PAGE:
With airliners having a long fuselage their flare will naturally be a lot different than most GA aircraft, and in many ways, than corporate jets.
As the pilot eases the yoke of the airliner back into an increasing flare the nose will come up but also the main gear will increase the rate of descent to the runway in addition to the existing descent rate. if the pilot leaves it too late the act of increasing back pressure to arrest a higher descent rate will simply drive the main gear onto the runway at a higher rate than it would have been otherwise. Rotating around the c of g if you like. The result is a harder landing than the ego can stand. (Ask me how I know).
On the other hand if the pilot arrests the overall descent rate before the main gear's increased descent rate hits the runway they'll be rewarded with with the perfect touch down or, if done a little too high, by an extended float. This is followed by another harder than intended touchdown...unless the pilot can redo the flare and hasn't gotten too close to the runway.
Being able to repeatedly time the flare just right, in all weather conditions, is the result of experience, skill and cunning and blind luck. You can often tell when the pilot is in the blind luck phase when they pump the yoke in search of the runway which is tantalizingly close to the main gear.
A smooth arrival is nearly always the result of energy management during a stabilized approach which the pilot trains for and practices maybe several times each day.
I should add that touching down in the landing zone is highly encouraged by the airlines training pilots who demand touchdown in the right zone regardless of the pilots ego. The FAA also monitors those who float in search of the greaser and I know of cases where they contacted offenders. (not me).
Many modern airliners have main wheel trucks which dangle somewhat allowing the lower wheel pair to touch first starting the main wheel spin up sequence which in turn initiates several systems to work, such as ant-skid. Doesn't matter if the main wheels dangle forwards (767) or backwards (A330) and some trucks are flat but the rearmost wheels usually touch slightly beforehand.
Airliners with one set of main wheels per side (MD80, narrow body Airbus) seem to land quite well which may be just that they sit just right as the pilot flares. The 727-100 in this regard was the same, whilst the 727-200 series was not. The main gear sat further back. The -200 series would bite you just when you thought you'd make a nice smooth touchdown and most certainly would kick your butt if you flared too late or increased the flare because, as I mentioned above, the pilot then simply drives the main gear into the runway at a higher rate than he would have if he'd just let it be and taken the firm arrival (again, ask me how I know). MD80 guys always seem to do much better landings than 727 guys, unless the latter were in the -100s.
The secret to smoother landings in the -200 was if you could make yourself actually push the nose forward just as you were ready to touchdown. Rolling it on. Its counter intuitive and makes you feel you're going to wheel barrow, but it meant the nose was still in a flare attitude whilst the main gear 'rotated' around the center of gravity and as it rose opposite to the nose being pushed forward the main gears descent rate was reduced substantially and if done right would always reward the pilot. My first attempt on LGA's RWY 22 over the pier onto a damp runway worked perfectly. Capt asked how did I do that? Truthfully it was probably blind luck but I humbly accepted his praise.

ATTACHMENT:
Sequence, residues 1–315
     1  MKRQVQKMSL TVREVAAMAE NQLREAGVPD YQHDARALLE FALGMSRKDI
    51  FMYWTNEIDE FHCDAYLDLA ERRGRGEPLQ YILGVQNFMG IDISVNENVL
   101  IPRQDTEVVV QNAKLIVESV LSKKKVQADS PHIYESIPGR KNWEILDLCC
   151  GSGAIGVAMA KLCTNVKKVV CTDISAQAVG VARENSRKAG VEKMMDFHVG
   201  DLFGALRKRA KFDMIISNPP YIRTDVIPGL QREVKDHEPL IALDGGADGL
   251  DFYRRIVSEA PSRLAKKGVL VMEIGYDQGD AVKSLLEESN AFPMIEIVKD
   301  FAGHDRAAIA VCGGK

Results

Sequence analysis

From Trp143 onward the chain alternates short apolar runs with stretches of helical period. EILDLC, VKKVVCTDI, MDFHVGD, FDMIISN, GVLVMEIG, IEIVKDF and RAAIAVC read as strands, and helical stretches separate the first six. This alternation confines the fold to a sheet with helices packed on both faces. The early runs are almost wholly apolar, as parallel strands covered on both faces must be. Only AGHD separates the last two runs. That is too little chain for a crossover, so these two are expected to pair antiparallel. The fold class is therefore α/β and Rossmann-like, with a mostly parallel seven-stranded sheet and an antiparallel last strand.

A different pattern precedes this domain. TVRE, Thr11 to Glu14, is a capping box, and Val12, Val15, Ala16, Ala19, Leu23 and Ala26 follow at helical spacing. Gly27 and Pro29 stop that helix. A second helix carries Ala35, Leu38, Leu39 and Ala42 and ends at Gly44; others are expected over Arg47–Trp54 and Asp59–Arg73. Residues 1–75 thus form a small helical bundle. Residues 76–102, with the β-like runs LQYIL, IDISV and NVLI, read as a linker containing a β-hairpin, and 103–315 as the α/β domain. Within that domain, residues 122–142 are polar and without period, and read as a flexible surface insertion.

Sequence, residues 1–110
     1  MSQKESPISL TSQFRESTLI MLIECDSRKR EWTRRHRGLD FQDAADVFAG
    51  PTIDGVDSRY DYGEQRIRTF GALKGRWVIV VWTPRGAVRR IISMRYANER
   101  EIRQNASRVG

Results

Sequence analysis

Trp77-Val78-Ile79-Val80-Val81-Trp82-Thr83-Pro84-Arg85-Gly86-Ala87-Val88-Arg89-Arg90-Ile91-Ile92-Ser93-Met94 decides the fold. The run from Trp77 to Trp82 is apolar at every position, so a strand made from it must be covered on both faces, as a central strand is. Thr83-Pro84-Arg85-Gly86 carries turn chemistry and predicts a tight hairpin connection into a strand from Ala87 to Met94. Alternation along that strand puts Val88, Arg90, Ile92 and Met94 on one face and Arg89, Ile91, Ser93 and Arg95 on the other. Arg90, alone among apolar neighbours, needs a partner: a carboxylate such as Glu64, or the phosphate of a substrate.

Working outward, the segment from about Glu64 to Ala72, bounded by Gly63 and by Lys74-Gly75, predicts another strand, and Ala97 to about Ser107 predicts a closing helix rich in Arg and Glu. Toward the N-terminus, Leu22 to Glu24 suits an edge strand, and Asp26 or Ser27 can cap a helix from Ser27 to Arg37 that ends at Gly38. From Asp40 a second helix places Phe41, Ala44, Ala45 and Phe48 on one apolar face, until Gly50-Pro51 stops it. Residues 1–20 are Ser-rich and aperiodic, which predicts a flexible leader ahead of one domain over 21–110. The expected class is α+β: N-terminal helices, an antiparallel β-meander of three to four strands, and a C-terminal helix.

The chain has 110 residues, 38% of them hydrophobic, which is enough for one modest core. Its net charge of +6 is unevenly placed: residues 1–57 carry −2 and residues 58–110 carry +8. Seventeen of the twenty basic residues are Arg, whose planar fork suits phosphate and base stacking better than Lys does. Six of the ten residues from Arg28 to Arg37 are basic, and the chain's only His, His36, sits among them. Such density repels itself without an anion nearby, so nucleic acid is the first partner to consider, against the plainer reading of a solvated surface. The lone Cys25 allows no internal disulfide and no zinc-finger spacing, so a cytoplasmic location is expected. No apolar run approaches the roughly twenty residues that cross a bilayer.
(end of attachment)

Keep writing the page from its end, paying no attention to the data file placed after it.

Airliners with auto-land capability could annoyingly make the flare and touchdown process humiliatingly easy. Humiliating for the pilot that is. At 50' the auto-throttles retard and the aircraft flares and invariably touches down very nicely. Humiliating to have to inform a passenger that that great landing was performed by the airplane itself.
Equally humiliating to have to face the passenger after a 727-200 landing who says "was that a landing or were we shot down!".
By the way an airliner can and does go-around from as low as 50 feet above the runway in fact part of the CAT IIIA/B simulator training and recurrent includes a "go around from a very low altitude" and should the plane touch the runway during an auto land as the go-around is conducted its usually required to switch off the automatics and hand fly the missed approach procedure. Usually, clicking the GA button at 50 feet or so allows the airliner to do a fully automated go around, and do it well. Its true that the flight path will continue to sink but there is enough space to GA without touching if the procedure is done right. I've done a GA from less than 50 when a truck inexplicably drove across the runway ahead.
Im using 50 feet above the runway but CAT III was mostly based on RVR visibility than minimum altitude depending the type of approach. On every landing the radar altitude starts the auto voice reeling off the altitude...50, 40 etc the rate that the voice announces could be indication of a firm arrival.
How does this apply to GA or LSA flying? Well...flying the pattern and landing the same way each time helps as well as being on a stabilized approach. Airliners nearly always land on long and wide runways, whereas smaller planes can land on short and narrow as well as longer and wider. Maybe having obstacles and trees etc on short final too. In that regard small plane pilots need to be able to adapt and assess their arrival and potential landing point more so than airline pilots. Making the GA decision and an ego saving maneuver is never a bad thing.
Last edited by Nomore767
on Sat Aug 05, 2017 11:09 am, edited 1 time in total.